The Effects of Temperature On The Durability Of Resistance Of Soybean To Soybean Mosaic Virus

by Flora, Jonathan P.

Abstract (Summary)
The objectives of this study were to determine the effects the temperature sensitivity of alleles of Rsv1 in soybean (Glycine max (L.) Merr.). Soybean cultivars carrying alleles of Rsv1 were exposed to several heat treatments designed to induce heat shock protein production prior to inoculation with soybean mosaic virus (SMV). The heat treatment methods were similar to those employed in the research with N gene-tobacco mosaic virus studies. The soybean cultivars used were Lee 69, York, Kwanggyo, Ogden and PI96983, carrying the Rsv, Rsv1-y, Rsv1-k, Rsv1-t, and Rsv1 allles of Rsv1, respectively, and were selected to provide a range of reactions to selected SMV pathotype groups. For example Rsv1-y and Rsv1-k give a necrotic response to SMV G4 and SMV G6, respectively, while both are resistant to SMV G1. To determine the durability of resistance under heat shock conditions, the symptoms were observed for changes in the phenotype of the resistance response. Immunological techniques were employed to determine the vascular movement and localization of the viral antigen in the plant. Heat treatments used were found to induce HSP but to have no effect on the resistance phenotype. A detached leaf assay was used to test the same Rsv1 alleles at constant high temperatures. Primary trifoliolate leaflets were removed and inoculated, then placed into a continuously lighted incubator at 20 C or 30 C. Leaf immunoprint assays were used to determine the localization of the viral antigen. The visible symptoms for necrotic lesions and veins were observed for necrotic phenotype-pathotype combinations but mosaic symptoms were not observed on detached leaves, as expected for inoculated leaves. The detached leaf assay confirmed that no change from the expected resistance response of the Rsv1 alleles occurred at 30 C. A breakdown of resistance to SMV at high temperature had been reported in soybean by Tu and Buzzell (1987). The resistance gene in which the high temperature breakdown occurred has been determined to be in Rsv3. Using cultivars and breeding lines carrying Rsv3 in a similar experiment was attempted in growth chambers. Preliminary results suggest that Rsv3 is temperature sensitive.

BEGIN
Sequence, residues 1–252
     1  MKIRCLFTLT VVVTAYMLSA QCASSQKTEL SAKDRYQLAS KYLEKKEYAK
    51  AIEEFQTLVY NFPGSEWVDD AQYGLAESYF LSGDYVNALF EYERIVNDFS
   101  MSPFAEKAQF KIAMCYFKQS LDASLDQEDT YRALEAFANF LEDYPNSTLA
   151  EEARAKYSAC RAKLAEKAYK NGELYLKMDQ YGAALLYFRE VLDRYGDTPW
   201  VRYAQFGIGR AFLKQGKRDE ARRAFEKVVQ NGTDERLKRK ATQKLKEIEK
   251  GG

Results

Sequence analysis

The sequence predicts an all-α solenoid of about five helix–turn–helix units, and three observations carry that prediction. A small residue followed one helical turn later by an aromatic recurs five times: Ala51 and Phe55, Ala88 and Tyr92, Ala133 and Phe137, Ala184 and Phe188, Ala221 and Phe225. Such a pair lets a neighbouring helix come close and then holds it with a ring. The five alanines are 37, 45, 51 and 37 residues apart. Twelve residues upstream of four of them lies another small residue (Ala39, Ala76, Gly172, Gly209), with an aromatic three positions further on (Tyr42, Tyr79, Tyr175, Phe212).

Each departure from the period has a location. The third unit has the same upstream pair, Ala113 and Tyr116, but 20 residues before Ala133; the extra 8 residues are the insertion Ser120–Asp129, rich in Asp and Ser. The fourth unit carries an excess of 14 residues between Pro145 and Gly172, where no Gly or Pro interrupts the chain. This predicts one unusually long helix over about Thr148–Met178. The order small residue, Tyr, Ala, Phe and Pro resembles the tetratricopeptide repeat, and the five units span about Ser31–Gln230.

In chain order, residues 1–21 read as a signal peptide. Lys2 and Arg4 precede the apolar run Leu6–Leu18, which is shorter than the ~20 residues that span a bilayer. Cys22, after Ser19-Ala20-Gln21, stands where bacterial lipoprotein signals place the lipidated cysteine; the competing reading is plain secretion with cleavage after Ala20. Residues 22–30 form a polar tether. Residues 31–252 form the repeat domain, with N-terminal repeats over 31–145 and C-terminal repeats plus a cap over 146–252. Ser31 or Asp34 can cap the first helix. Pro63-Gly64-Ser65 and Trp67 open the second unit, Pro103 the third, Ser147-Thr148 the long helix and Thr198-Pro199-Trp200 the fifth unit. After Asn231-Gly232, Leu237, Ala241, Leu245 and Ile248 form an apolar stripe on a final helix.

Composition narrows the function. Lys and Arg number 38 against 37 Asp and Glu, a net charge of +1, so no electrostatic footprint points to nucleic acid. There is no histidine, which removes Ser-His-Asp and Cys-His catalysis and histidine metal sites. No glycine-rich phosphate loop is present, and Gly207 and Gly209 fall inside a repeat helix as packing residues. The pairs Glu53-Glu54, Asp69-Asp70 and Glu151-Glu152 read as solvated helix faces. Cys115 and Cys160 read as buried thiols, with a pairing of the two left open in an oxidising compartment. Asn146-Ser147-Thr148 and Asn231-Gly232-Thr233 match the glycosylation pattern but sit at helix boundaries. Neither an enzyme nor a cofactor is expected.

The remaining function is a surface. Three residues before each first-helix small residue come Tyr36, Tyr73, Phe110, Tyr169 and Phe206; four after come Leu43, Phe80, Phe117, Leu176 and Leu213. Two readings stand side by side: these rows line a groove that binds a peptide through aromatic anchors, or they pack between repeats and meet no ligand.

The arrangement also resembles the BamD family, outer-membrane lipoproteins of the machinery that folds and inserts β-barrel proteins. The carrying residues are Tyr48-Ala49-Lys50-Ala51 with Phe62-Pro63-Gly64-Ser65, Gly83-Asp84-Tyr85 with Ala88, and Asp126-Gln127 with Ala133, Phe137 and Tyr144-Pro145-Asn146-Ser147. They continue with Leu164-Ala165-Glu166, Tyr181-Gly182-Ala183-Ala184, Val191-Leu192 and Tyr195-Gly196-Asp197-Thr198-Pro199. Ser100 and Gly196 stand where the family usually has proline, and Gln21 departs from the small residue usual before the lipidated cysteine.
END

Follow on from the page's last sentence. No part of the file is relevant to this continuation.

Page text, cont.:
Bibliographical Information:

Advisor:Dr. Sue A. Tolin; Dr. Glenn R. Buss; Dr. Herman Warren

School:Virginia Polytechnic Institute and State University

School Location:USA - Virginia

Source Type:Master's Thesis

Keywords:plant pathology physiology and weed science


Date of Publication:05/08/1997

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